List of Governors of Arizona

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Governor of Arizona
Arizona-StateSeal.svg
= Current Arizona Governor Doug Ducey
Incumbent
Doug Ducey

since January 5, 2015
Style The Honorable
Residence No official residence
Term length Four years, can succeed self once; eligible again after 4-year respite
Inaugural holder George W. P. Hunt
Formation February 14, 1912
Deputy None
Salary $95,000 (2013)[1]
Website www.azgovernor.gov

The Governor of Arizona is the head of the executive branch of Arizona's state government and the commander-in-chief of the state's military forces.

List of Governors[change | change source]

#[a]   Governor Term start Term end Party Terms[b]
1   Hunt, George W. P.George W. P. Hunt 01912-02-14 February 14, 1912 01917-01-01 January 1, 1917 Democratic 2
2 Campbell, Thomas EdwardThomas Edward Campbell 01917-01-01 January 1, 1917 01917-12-25 December 25, 1917 Republican 12[c]
1 Hunt, George W. P.George W. P. Hunt 01917-12-25 December 25, 1917 01919-01-06 January 6, 1919 Democratic 12[c]
2 Campbell, Thomas EdwardThomas Edward Campbell 01919-01-06 January 6, 1919 01923-01-01 January 1, 1923 Republican 2
1 Hunt, George W. P.George W. P. Hunt 01923-01-01 January 1, 1923 01929-01-07 January 7, 1929 Democratic 3
3 Phillips, John CalhounJohn Calhoun Phillips 01929-01-07 January 7, 1929 01931-01-05 January 5, 1931 Republican 1
1 Hunt, George W. P.George W. P. Hunt 01931-01-05 January 5, 1931 01933-01-02 January 2, 1933 Democratic 1
4 Moeur, Benjamin BakerBenjamin Baker Moeur 01933-01-02 January 2, 1933 01937-01-04 January 4, 1937 Democratic 2
5 Stanford, Rawghlie ClementRawghlie Clement Stanford 01937-01-04 January 4, 1937 01939-01-02 January 2, 1939 Democratic 1
6 Jones, Robert TaylorRobert Taylor Jones 01939-01-02 January 2, 1939 01941-01-06 January 6, 1941 Democratic 1
7 Osborn, Sidney PrestonSidney Preston Osborn 01941-01-06 January 6, 1941 01948-05-25 May 25, 1948 Democratic 3+12[d]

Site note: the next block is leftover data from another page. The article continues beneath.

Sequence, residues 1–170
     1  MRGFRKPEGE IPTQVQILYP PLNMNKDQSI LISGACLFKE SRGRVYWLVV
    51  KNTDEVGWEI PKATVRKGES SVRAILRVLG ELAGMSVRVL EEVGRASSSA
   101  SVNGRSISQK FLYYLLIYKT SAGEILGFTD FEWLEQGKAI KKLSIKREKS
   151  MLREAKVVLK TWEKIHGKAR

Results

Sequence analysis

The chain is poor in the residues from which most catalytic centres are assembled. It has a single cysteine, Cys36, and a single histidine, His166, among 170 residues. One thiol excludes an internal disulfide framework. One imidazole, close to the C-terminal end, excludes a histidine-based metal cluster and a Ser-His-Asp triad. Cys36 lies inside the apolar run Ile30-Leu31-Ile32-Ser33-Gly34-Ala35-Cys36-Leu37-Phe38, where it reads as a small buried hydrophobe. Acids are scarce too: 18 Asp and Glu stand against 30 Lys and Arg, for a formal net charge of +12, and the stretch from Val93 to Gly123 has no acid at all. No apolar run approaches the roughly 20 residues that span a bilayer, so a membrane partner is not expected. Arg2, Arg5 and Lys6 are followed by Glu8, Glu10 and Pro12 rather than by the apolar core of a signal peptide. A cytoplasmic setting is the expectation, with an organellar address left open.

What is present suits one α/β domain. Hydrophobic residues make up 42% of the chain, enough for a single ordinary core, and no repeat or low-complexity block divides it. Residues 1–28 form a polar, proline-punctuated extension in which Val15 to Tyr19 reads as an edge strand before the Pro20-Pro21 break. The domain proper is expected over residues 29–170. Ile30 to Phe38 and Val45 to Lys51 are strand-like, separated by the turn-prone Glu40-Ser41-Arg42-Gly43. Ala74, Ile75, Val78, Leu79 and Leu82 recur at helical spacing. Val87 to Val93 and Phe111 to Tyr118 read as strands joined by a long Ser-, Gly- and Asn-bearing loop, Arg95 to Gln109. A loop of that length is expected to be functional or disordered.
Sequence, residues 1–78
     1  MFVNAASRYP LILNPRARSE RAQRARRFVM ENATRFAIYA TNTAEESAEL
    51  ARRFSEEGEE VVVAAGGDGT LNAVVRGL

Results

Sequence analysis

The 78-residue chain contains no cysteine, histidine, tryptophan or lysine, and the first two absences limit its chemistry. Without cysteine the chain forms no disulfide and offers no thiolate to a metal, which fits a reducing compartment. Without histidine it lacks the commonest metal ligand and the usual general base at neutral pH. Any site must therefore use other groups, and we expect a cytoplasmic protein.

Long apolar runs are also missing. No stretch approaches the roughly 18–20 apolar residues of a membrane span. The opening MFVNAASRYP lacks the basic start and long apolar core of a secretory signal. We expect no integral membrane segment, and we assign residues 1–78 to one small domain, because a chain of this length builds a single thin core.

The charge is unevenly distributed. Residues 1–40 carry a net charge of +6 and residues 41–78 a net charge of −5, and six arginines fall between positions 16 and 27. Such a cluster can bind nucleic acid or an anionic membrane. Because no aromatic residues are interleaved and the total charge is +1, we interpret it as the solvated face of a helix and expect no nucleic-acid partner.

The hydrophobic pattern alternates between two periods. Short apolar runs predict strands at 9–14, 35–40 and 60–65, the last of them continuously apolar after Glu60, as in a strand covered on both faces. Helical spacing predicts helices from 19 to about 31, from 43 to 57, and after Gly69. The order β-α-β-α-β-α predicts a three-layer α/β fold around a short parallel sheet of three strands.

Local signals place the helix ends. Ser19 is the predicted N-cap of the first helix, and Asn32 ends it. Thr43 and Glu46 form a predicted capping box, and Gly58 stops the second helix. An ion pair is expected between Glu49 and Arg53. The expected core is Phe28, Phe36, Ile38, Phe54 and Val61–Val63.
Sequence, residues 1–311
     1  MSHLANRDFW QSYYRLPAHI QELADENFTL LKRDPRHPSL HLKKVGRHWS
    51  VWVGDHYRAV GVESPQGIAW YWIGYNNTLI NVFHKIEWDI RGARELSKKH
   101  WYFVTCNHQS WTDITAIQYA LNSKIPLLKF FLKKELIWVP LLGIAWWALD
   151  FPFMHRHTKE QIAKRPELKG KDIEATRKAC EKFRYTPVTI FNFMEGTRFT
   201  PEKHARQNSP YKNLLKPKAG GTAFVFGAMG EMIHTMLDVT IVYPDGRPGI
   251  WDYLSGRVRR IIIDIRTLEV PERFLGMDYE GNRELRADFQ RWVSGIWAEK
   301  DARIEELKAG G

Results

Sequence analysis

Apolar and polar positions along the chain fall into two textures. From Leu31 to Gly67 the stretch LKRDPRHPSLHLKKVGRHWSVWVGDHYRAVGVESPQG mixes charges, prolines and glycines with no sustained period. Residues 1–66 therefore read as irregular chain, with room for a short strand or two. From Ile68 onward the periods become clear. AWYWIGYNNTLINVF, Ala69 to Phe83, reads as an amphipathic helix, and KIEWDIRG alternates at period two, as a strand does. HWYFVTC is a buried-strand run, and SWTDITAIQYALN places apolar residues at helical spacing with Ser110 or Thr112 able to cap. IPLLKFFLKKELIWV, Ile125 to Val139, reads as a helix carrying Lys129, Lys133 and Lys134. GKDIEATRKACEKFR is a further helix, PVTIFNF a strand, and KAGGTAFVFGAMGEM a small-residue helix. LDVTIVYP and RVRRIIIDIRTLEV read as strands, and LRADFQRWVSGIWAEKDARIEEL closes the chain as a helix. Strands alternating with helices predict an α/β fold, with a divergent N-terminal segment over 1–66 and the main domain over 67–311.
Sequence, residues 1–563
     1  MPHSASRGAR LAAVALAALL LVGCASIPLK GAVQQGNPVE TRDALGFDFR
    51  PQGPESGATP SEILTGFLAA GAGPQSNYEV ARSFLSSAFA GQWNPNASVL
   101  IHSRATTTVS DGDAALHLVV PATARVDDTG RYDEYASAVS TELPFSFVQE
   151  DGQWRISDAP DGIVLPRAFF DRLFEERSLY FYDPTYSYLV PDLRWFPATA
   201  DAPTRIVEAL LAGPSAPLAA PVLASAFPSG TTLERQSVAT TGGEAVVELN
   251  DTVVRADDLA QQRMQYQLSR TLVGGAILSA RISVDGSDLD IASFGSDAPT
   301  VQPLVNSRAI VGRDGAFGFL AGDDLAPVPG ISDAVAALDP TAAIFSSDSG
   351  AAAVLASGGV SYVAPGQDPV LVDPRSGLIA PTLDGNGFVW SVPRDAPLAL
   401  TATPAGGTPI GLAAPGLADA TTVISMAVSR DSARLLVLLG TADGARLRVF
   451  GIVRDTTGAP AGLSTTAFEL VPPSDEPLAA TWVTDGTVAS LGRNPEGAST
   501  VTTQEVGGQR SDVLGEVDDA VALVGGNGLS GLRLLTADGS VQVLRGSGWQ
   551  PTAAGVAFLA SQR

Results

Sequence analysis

8 Garvey, Dan EdwardDan Edward Garvey 01948-05-25 May 25, 1948 01951-01-01 January 1, 1951 Democratic 1+12[e]
9 Pyle, John HowardJohn Howard Pyle 01951-01-01 January 1, 1951 01955-01-03 January 3, 1955 Republican 2
10 McFarland, ErnestErnest McFarland 01955-01-03 January 3, 1955 01959-01-05 January 5, 1959 Democratic 2
11 Fannin, PaulPaul Fannin 01959-01-05 January 5, 1959 01965-01-04 January 4, 1965 Republican 3
12 Goddard, Jr., Samuel PearsonSamuel Pearson Goddard, Jr. 01965-01-04 January 4, 1965 01967-01-02 January 2, 1967 Democratic 1
13 Williams, Jack RichardJack Richard Williams 01967-01-02 January 2, 1967 01975-01-06 January 6, 1975 Republican 3[f]
14 Castro, Raúl HéctorRaúl Héctor Castro 01975-01-06 January 6, 1975 01977-10-20 October 20, 1977 Democratic 13[g]
15 Bolin, WesleyWesley Bolin 01977-10-20 October 20, 1977 01978-03-04 March 4, 1978 Democratic 13[d][h]
16 Babbitt, BruceBruce Babbitt 01978-03-04 March 4, 1978 01987-01-05 January 5, 1987 Democratic 2+13[i]
17 Mecham, EvanEvan Mecham 01987-01-05 January 5, 1987 01988-04-04 April 4, 1988 Republican 12[j]
18 Mofford, RoseRose Mofford 01988-04-04 April 4, 1988 01991-03-06 March 6, 1991 Democratic 12[h]
19 Symington, FifeFife Symington 01991-03-06 March 6, 1991 01997-09-05 September 5, 1997 Republican 1+12[k][l][m]
20 Hull, Jane DeeJane Dee Hull 01997-09-05 September 5, 1997 02003-01-06 January 6, 2003 Republican 1+12[e][m]